When “early middle age” hit (newsflash, it’s not eternal) and I realized that I was not going to achieve the corner office (and didn’t really want to chase after it any more anyway), and that it mattered what I did not what I wore, and that my kids were quickly growing up, I went to the other extreme.  Rather than cover up my gently sagging skin with more makeup and rejuvenating injections, I now wear less makeup than ever, barely managing a swipe of lipstick.  I don’t want to spend money or time on extravagant trendy clothing or weekly manicures.  What little disposable income I have now goes to the college fund.  And my gray hair?  So far, I don’t have a lot so I don’t color it.  I refuse to color it.   I’ve spent my whole life dressing up as someone I thought I should be.  Now I just want to be me.

I feel sad and somewhat dismayed by how much time, money, effort and energy we women spend on our appearance.  When young, we are so afraid we don’t deserve our job.  When middle aged, we are so afraid we will lose our job to a younger, more stylish and up-to-date competitor.  We are so preoccupied with other women and their appearance, judging them on how they look and not always on what they accomplish.

I am not naïve.  I know attractive people tend to be better liked and more successful.  I know that feeling good about how I look can help me feel and behave more confidently.  I know that if I had the money and the time and the corner office, I might gladly be swayed to spend it on rejuvenating treatments.  And who knows what I will do when I hit “late middle age.”  It’s easy to be defiant, even disdainful, when you still feel in your prime.

But surely there is something to be said for a woman of a certain age.  She has lived and loved and learned who she is.  She has experience to share.  She has earned her gray hair, her wider hips, her worry lines and her laugh lines.

I remember when Botox first became accessible for cosmetic use about ten years ago and thinking how strange it will be if no one’s face ages and no one’s face shows emotion.  At that time I decided I did not want to succumb to Botox but wondered if I would be able to stick with that decision as I got older.  My mother had a facelift after surgery left her with an ugly scar on her neck.  I was surprised that my beautiful-to-me mother felt the need to look younger and prettier…more vital.  If my mother couldn’t stand “late middle age,” how was I going to cope with it?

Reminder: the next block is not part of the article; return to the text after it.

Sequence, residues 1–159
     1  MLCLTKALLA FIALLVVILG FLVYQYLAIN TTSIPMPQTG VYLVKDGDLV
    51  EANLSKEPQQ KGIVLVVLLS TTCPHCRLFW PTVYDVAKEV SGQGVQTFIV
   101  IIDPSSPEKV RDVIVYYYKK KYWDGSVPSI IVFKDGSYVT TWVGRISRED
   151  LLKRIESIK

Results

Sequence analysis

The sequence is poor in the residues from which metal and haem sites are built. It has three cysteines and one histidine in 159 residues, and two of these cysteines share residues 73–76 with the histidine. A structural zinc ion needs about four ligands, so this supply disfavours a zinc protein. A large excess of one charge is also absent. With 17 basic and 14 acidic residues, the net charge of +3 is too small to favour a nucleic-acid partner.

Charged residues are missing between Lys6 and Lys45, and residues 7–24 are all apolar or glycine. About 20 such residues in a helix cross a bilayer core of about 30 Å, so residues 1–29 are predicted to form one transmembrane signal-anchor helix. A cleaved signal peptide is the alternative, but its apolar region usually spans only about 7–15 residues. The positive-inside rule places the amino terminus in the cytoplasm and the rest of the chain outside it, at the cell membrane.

For now, the role models I admire are many.  Annie Lennox baring her face and her soul, when she was 48, on her solo album Bare.  Cyndi Lee embracing her gray hair in May I Be Happy.  Jamie Lee Curtis writing empowering children’s books on self-esteem and discussing body image with More.   Hillary Clinton, whose hair is still making the news and whose accomplishments are truly impressive.  Perhaps the best role models of all are my beautiful middle-aged friends (early, middle, and late) who still dance at the ballet barre or ace their serve on the tennis court or stand on their heads in the yoga studio or rule the executive suite or cherish their families.  My beautiful middle-aged friends awe me every day with their love, courage, resilience, intelligence, humor and grace.  Beautiful because of their wrinkles earned from living life.

When I look in the mirror, I visualize the same face I’ve always seen in my mind.  But when I really look in the mirror, and see, really see my face – I see the dark circles, the loosening skin, the mottled complexion with “age spots.”   I see the jowls (yes, jowls!).  I see the wrinkles.  I also see my clear and hopeful eyes that are no longer too shy to make eye contact with anyone, not even with me.

The Mirror in the Studio

The Ballet Studio

I returned to the ballet studio eight years ago at the age of 42 following a 17-year hiatus, and one year after dispatching my daughter into ballet class.  (She wisely extricated herself from the ballet world five years later when she was 12.)    My first plié felt like no time had passed.  Tears gently oozed with the familiar music as my body felt the emotion and the memory of my dancing. 

And then there was the mirror.  My familiar companion.  Judgment.

Not bad for 42.  Me in a leotard.  And a skirt to disguise the hips and belly.

But I could look better.  BE better.

I was sucked into the obsession.  Immediately. 

  • Where should I stand at the barre to get the best view (of me)?